During the heat of the battle, usually joined between declarer and the two defenders, sometimes psychology, not always just strict card combinations, enters the battle in helping determine the victor.

The message intended is sometimes just playing with cool demeanor works better than scientific reasoning.

To each his own.

jim2July 29th, 2011 at 3:26 pm

Another factor could be the spot card played by East on Trick One. For example, perhaps East signaled with the 10 (or 9).

Bobby WolffJuly 29th, 2011 at 4:24 pm

Hi Jim2,

Yes, of course that would play at least some part in the psychology.

From just general experience and over a long period of time, it is indeed a very rare occasion when the defense can be ready to contribute a well reasoned difficult defensive play when all they have heard is the bidding and seen only 1/2 of declarer’s assets plus their partner’s choice of leads which is often mandated by the specific circumstances.

Differently described, at trick one declarer is at his absolute largest advantage in the overall battle, and in almost all cases the best positioned to gain at least a small edge in having his way in the early going, at least in his ability to begin to guess more correctly the location of the opponent’s high cards.

That is why Eric Rodwell has pioneered the slow play by the 3rd seat player even though the play at trick one by him is 100%, nevertheless he prefers (demands) to take as long as he can to play and is supported by the bridge laws.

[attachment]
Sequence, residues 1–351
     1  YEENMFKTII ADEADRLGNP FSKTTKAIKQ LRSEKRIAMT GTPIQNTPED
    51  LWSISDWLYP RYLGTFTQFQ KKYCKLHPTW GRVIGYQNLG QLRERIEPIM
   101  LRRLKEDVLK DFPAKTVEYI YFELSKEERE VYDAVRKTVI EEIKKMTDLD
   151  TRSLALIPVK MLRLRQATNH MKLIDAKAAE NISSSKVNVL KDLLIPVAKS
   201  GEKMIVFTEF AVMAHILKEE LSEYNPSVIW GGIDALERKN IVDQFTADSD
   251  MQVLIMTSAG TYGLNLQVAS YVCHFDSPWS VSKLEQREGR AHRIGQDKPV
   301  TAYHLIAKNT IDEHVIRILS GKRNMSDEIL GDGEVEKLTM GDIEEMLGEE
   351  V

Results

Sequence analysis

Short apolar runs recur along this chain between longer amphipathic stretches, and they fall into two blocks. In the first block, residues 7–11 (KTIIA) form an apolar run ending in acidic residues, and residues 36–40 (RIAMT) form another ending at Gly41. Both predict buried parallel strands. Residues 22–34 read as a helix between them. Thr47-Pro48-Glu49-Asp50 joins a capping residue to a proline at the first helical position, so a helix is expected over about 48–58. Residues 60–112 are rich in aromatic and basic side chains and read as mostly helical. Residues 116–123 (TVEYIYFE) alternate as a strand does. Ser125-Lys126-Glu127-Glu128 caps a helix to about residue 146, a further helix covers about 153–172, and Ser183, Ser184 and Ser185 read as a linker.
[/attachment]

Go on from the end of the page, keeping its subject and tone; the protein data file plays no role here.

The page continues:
The possible rub is that 3rd chair is not technically bound to have to account for “why did it take you so long to make the obvious play you did make?”, although the debate rages on whether 3rd chair should make some remark describing taking automatic time at trick one instead of just assuming declarer knows his right to do it.

Although the above is probably already known by you, it is possibly not known by other bright players, who have not yet had the experience of facing it.

jim2July 29th, 2011 at 5:28 pm

On taking one’s time, I have been at the table when the declarer stated – before playing from dummy – that s/he had no problem but was thinking about the rest of the hand. I have not been there when East said the same during Trick One. It makes sense, though.

David WarheitJuly 30th, 2011 at 7:53 am

I always put in on my convention card under “other”–“Third hand always hesitates at trick one”.Even if he doesn’t, no harm is done.

Bobby WolffJuly 30th, 2011 at 12:01 pm

Hi David,

Your to the point comment and, of course, convention card action, suggests to me that I need to bring up the well-known coined phrase, “Little by little we do great things”, but in doing so and at the same time, question (your last line), “Even if he doesn’t, no harm is done”, (and only then add) except by not doing, isn’t his partner, the opening leader, likely in better position to judge what third hand might rather be holding, when he doesn’t?

Now the duck from the ceiling comes down with the magic words, (ala Groucho Marx’s unforgetable MCing “You Bet Your Life”) with “Unless the third hand ALWAYS uses ACTIVE ETHICS on EVERY HAND he ever defends.

I have yet to see anyone from A to IZZARD adequately fill that role!!!!